[Humanist] 28.421 HTML vs XML for TEI

Humanist Discussion Group willard.mccarty at mccarty.org.uk
Tue Oct 21 07:18:43 CEST 2014


                 Humanist Discussion Group, Vol. 28, No. 421.
            Department of Digital Humanities, King's College London
                       www.digitalhumanities.org/humanist
                Submit to: humanist at lists.digitalhumanities.org

  [1]   From:    Desmond Schmidt <desmond.allan.schmidt at gmail.com>        (328)
        Subject: Re:  28.419 HTML vs XML for TEI

  [2]   From:    Desmond Schmidt <desmond.allan.schmidt at gmail.com>        (379)
        Subject: Re:  28.419 HTML vs XML for TEI


--[1]------------------------------------------------------------------------
        Date: Tue, 21 Oct 2014 00:41:33 +1000
        From: Desmond Schmidt <desmond.allan.schmidt at gmail.com>
        Subject: Re:  28.419 HTML vs XML for TEI
        In-Reply-To: <20141020060521.022C9660A at digitalhumanities.org>


Hi Martin,

I'll reply to your email separately to keep this short

We do not (or we should not) use any of the current
> TEI mechanisms for embedding information descriptive of typographical
> features, layout, etc. in a text for embedding output or processing
> information. If you know of any such examples in the Guidelines, please
> report them as a bug.
>
> That's not to say, of course, that we may not use embedded information
> describing the source text to render it for a reader in a similar way;
> but that's not its purpose
>

No, as I said before that is how it is *supposed* to be. My point was
simply that
between the dream and the reality falls the shadow.
Please explain in what way the TEI Guidelines' example of <zone> is *not*
embedding end-result related information into the transcription when it
reads like this:

<surface ulx="14.54" uly="16.14" lrx="0"
 lry="0">
 <graphic url="stone.jpg"/>
 <zone points="4.6,6.3 5.25,5.85 6.2,6.6 8.19222,7.4125 9.89222,6.5875
10.9422,6.1375 11.4422,6.7125 8.21722,8.3125 6.2,7.65"/>
</surface>

That's pure formatting dressed up as 'logical' markup.
I don't believe that TEI-XML has any more or less end-result related
content than HTML. Not any more.

But HTML5 (for example) has (I think) fewer than 120 elements,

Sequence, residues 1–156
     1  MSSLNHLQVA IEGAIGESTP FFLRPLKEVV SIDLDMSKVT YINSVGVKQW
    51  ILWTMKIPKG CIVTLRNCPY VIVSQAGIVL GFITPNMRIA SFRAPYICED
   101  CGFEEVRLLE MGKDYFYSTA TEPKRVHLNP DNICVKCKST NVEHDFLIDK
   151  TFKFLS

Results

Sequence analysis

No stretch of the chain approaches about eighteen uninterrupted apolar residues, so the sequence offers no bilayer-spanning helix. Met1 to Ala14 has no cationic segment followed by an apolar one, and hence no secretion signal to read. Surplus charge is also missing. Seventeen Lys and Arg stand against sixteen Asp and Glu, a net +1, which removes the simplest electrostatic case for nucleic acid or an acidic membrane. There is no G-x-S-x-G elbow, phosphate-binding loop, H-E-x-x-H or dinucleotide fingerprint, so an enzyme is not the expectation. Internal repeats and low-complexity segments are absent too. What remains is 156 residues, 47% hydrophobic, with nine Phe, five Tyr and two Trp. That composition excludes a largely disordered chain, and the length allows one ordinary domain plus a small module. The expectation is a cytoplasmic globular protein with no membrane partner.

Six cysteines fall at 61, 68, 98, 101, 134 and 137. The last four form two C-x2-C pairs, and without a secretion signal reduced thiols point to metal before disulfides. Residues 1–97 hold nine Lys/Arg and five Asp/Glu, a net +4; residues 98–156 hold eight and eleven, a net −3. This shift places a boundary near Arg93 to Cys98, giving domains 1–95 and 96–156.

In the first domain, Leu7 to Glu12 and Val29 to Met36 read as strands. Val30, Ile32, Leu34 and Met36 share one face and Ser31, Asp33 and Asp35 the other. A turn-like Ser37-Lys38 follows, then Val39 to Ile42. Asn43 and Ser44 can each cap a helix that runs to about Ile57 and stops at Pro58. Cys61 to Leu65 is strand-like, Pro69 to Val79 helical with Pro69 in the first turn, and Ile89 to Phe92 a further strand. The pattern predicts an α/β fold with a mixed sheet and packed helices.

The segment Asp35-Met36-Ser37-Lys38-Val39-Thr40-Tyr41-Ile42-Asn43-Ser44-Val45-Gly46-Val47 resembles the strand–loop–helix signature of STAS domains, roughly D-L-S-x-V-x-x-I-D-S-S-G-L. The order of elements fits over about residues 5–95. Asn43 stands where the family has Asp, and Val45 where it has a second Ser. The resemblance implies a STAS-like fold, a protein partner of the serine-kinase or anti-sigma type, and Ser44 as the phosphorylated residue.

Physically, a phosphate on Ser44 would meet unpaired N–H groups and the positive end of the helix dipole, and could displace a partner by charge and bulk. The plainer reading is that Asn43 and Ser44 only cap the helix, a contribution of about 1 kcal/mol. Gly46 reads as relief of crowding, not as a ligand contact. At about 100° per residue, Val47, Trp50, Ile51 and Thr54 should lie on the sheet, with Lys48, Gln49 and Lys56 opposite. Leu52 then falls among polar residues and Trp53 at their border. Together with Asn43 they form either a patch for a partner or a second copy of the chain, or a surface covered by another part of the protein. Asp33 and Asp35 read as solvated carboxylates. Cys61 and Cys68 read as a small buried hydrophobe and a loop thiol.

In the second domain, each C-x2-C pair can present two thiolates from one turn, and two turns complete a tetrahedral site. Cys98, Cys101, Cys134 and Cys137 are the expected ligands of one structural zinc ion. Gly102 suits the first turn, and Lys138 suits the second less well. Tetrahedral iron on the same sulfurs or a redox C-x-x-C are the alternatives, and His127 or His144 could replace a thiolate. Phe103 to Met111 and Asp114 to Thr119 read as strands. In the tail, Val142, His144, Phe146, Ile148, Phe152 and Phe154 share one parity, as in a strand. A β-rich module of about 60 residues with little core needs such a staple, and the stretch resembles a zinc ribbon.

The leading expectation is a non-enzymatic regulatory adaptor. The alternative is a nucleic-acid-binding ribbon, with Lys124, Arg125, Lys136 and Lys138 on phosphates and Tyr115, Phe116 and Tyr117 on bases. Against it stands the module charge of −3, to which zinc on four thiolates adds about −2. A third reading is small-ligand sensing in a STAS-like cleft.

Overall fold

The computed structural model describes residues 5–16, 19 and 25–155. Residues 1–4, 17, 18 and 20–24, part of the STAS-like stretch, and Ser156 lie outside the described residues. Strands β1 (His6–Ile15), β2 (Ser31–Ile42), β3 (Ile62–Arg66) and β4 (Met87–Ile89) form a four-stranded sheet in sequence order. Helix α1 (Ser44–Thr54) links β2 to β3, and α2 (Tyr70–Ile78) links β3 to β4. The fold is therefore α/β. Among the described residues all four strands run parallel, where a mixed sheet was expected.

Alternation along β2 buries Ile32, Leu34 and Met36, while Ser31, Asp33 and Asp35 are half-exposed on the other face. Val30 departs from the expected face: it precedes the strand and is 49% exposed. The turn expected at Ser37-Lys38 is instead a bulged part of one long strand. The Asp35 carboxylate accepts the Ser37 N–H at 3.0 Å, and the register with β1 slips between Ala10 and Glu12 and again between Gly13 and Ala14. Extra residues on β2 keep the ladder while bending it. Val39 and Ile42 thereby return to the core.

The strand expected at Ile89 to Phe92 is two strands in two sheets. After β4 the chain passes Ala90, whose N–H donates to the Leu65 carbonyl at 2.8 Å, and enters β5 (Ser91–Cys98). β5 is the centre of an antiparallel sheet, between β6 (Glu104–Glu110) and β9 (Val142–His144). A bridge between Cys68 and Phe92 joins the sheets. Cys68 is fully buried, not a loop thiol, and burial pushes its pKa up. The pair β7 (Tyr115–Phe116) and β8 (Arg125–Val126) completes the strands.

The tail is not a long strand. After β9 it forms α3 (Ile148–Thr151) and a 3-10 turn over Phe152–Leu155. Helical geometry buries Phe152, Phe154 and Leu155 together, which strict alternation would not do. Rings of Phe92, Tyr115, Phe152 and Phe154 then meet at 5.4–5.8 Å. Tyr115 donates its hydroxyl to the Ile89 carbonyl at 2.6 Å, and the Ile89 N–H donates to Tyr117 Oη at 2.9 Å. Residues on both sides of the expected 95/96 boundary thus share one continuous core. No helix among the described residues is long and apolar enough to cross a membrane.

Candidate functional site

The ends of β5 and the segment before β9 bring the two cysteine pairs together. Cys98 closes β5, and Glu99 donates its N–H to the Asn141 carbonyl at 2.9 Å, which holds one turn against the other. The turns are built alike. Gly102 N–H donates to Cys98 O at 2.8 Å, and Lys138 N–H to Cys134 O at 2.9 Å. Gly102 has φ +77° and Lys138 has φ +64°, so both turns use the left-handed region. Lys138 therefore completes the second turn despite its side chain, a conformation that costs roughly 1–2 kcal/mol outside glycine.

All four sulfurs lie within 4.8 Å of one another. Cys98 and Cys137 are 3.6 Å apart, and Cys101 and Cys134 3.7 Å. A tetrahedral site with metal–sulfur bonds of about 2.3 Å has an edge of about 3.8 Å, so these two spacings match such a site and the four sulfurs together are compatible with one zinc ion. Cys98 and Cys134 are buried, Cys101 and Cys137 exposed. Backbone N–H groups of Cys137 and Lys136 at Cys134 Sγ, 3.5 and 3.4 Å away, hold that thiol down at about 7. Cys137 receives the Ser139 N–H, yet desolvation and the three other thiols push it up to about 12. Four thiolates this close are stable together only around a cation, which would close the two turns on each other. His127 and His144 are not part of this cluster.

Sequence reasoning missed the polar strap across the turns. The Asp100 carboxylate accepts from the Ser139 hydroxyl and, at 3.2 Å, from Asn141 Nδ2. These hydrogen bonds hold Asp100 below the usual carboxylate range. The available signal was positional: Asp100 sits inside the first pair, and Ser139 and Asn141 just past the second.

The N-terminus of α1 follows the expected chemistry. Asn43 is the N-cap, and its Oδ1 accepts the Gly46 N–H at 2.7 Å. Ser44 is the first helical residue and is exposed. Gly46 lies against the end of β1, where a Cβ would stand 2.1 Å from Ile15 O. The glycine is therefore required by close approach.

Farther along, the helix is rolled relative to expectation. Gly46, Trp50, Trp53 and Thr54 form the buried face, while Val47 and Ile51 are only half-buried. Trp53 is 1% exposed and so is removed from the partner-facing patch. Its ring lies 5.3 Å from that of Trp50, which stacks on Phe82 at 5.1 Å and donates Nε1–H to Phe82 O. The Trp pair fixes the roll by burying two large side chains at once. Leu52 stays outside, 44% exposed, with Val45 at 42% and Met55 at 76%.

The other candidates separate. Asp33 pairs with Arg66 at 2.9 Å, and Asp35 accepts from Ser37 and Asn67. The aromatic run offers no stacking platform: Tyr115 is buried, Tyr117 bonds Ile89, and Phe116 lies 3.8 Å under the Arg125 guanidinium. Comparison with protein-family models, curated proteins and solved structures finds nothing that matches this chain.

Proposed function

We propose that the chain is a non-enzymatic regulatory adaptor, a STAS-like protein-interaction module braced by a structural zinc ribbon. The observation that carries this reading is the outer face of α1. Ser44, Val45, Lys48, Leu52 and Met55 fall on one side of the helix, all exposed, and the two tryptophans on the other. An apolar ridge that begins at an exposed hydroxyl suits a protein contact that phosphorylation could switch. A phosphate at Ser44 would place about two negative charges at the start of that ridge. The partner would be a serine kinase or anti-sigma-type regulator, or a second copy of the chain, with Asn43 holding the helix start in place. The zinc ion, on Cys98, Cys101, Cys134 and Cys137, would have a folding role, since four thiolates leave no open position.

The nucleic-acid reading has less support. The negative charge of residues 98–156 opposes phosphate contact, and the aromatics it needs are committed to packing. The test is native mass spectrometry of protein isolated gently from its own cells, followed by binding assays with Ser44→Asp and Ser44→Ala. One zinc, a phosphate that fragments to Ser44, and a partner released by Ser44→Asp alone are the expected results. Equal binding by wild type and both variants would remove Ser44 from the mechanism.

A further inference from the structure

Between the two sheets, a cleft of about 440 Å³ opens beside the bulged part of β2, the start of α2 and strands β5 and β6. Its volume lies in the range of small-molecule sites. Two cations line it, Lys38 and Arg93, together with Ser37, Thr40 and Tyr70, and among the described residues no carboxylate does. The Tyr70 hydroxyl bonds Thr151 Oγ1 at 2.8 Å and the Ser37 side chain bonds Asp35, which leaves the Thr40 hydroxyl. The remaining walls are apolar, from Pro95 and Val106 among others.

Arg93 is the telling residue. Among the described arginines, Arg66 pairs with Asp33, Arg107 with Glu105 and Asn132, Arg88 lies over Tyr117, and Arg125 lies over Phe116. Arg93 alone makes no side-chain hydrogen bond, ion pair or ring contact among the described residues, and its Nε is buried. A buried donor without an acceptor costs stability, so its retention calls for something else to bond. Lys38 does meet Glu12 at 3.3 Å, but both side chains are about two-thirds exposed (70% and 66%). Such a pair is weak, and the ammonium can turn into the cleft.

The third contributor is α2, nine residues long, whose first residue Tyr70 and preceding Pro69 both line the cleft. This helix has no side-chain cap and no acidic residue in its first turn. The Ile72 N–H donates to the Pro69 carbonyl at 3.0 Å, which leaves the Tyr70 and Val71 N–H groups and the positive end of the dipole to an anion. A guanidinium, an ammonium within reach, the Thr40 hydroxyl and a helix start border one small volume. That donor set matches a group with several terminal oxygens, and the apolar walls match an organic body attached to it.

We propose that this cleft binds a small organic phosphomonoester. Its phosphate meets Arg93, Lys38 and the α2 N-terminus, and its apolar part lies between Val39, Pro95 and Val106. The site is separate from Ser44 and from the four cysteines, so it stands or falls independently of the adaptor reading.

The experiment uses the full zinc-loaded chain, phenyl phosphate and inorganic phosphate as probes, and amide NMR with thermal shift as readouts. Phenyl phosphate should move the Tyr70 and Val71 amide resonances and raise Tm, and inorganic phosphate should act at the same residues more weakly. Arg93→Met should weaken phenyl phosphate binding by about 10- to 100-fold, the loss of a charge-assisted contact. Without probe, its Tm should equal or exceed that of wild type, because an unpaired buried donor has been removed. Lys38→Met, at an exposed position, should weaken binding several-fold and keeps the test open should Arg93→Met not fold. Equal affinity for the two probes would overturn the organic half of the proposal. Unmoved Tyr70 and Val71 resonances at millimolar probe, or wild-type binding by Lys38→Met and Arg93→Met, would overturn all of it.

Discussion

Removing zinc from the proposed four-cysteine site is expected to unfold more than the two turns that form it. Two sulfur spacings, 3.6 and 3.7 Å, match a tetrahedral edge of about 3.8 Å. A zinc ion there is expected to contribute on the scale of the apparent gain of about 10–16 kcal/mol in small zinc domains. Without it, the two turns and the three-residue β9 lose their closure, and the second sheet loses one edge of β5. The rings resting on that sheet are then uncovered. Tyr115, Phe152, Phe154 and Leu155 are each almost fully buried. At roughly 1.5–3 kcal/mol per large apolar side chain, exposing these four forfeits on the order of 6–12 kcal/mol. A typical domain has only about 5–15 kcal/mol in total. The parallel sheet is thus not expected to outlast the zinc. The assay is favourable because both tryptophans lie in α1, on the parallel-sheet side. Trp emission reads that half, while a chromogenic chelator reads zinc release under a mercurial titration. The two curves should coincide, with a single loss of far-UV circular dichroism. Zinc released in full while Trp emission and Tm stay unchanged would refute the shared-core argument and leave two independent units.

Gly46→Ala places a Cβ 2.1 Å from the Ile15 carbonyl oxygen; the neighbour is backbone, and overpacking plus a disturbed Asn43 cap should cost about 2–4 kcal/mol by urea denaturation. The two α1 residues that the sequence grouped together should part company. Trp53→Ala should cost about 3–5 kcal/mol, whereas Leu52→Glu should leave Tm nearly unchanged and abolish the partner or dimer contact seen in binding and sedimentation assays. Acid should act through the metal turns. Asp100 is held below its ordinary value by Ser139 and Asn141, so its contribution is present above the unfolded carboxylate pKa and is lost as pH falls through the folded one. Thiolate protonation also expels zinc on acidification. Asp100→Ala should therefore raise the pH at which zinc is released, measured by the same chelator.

> whereas TEI has nearly 600, and we deal with a steady flow of requests
> for more. TEI has much more descriptive power than HTML. And I would
> claim that it's much easier to use this descriptive power in TEI XML
> than it would be to hack it into HTML; to do that, you would have to
> decide whether (for instance) a <nationality> element should be
> expressed as a <span> or a <div> or a <p> in HTML, and what its
> distinguishing attribute should be; and in order to make the results
> truly interoperable, we would all have to agree on those things, and
> document them, and create a new Guidelines document to formalize them.
> The result would be more verbose and less human-readable.

I'm a firm believer in Browning's popular dictum 'less is more'. And less
*is* more
because those mere 120 elements describe far more documents of far wider
variety
than TEI-XML.
As for deciding what HTML element to map an XML tag to you do that all the
time
in XSLT, don't you? I never said HTML was a perfect container, but it is a
real, not a
de facto standard, and augmenting it with RDFa would give you a rich and
standards-compliant way to record semantic properties of text.
Yes, you'd have to rewrite the Guidelines as a set of standard properties,
but it would be less
complex by far, not more. Especially as in that form, most of the 600 tags
would not
be needed.

Most users, when customizing, don't _extend_ TEI; they actually
> constrain it further.
>

I quote the TEI Guideliines chapter 23.3:

"the TEI scheme may be extended in well-defined and documented ways
 for texts that cannot be conveniently or appropriately encoded using what
is provided. For these reasons, it is almost impossible to use the TEI
scheme
without customizing or personalizing it in some way. "

The 125,000 EEBO-TCP books encoded in a customised version of TEI p3
were I gather not TEI-conformant.

In all my years of teaching people HTML, TEI and other languages, I've
> never come across a single person younger than me who has had any
> problem learning it; nowadays, given all the extra aids we have from
> tools such as Oxygen, it takes a remarkably short time to get productive
> with TEI. I've come across a few older people who claim they find it
> hard, but generally before they've actually made any effort to learn it.
>

I think I have enough experience after supervising encoders of primary texts
for perhaps 20 years in 3 countries. I stand by my remarks.You cannot get
*consistency* in TEI markup without a great deal of effort. It's just too
complicated.

Desmond Schmidt
Queensland University of Technology

On Mon, Oct 20, 2014 at 4:05 PM, Humanist Discussion Group <
willard.mccarty at mccarty.org.uk> wrote:

>
>                  Humanist Discussion Group, Vol. 28, No. 419.
>             Department of Digital Humanities, King's College London
>                        www.digitalhumanities.org/humanist
>                 Submit to: humanist at lists.digitalhumanities.org
>
>   [1]   From:    Martin Holmes <mholmes at uvic.ca>